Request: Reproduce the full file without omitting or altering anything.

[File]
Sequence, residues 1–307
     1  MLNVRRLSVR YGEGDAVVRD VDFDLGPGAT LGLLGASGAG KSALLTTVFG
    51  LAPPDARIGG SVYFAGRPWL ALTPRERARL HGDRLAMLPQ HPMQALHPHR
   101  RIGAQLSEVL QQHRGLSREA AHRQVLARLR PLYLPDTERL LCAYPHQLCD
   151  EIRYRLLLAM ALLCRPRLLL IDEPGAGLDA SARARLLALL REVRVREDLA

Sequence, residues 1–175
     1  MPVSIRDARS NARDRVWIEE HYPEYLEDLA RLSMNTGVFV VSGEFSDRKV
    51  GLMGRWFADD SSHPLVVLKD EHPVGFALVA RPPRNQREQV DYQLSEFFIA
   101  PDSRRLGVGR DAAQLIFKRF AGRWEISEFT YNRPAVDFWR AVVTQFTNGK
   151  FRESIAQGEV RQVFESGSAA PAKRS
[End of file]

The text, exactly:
Sequence, residues 1–307
     1  MLNVRRLSVR YGEGDAVVRD VDFDLGPGAT LGLLGASGAG KSALLTTVFG
    51  LAPPDARIGG SVYFAGRPWL ALTPRERARL HGDRLAMLPQ HPMQALHPHR
   101  RIGAQLSEVL QQHRGLSREA AHRQVLARLR PLYLPDTERL LCAYPHQLCD
   151  EIRYRLLLAM ALLCRPRLLL IDEPGAGLDA SARARLLALL REVRVREDLA

Sequence, residues 1–175
     1  MPVSIRDARS NARDRVWIEE HYPEYLEDLA RLSMNTGVFV VSGEFSDRKV
    51  GLMGRWFADD SSHPLVVLKD EHPVGFALVA RPPRNQREQV DYQLSEFFIA
   101  PDSRRLGVGR DAAQLIFKRF AGRWEISEFT YNRPAVDFWR AVVTQFTNGK
   151  FRESIAQGEV RQVFESGSAA PAKRS